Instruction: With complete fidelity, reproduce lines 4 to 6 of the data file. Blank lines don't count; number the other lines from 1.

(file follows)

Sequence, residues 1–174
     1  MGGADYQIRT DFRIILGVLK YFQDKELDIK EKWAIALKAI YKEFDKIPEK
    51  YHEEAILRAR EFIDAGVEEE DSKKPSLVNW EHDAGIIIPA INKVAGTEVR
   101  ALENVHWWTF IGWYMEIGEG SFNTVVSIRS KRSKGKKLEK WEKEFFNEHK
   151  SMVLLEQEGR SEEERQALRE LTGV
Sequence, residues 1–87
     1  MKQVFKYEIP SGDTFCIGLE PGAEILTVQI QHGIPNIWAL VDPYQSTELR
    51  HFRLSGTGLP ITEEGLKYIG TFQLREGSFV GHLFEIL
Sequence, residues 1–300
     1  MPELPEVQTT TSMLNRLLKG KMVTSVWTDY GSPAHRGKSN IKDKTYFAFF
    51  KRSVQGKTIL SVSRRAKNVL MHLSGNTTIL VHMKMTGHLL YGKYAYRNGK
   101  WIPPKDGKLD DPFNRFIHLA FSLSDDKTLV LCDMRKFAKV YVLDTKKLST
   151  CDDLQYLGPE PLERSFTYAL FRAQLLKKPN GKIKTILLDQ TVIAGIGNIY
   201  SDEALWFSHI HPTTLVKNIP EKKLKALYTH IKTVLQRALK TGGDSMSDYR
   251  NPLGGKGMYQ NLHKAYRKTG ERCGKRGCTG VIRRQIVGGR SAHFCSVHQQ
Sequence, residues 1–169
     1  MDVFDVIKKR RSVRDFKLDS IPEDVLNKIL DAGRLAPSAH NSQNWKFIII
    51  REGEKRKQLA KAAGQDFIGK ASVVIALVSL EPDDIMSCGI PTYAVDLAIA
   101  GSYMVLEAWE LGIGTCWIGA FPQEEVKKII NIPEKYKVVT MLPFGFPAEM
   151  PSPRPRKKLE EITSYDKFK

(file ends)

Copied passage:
   101  ALENVHWWTF IGWYMEIGEG SFNTVVSIRS KRSKGKKLEK WEKEFFNEHK
   151  SMVLLEQEGR SEEERQALRE LTGV
Sequence, residues 1–87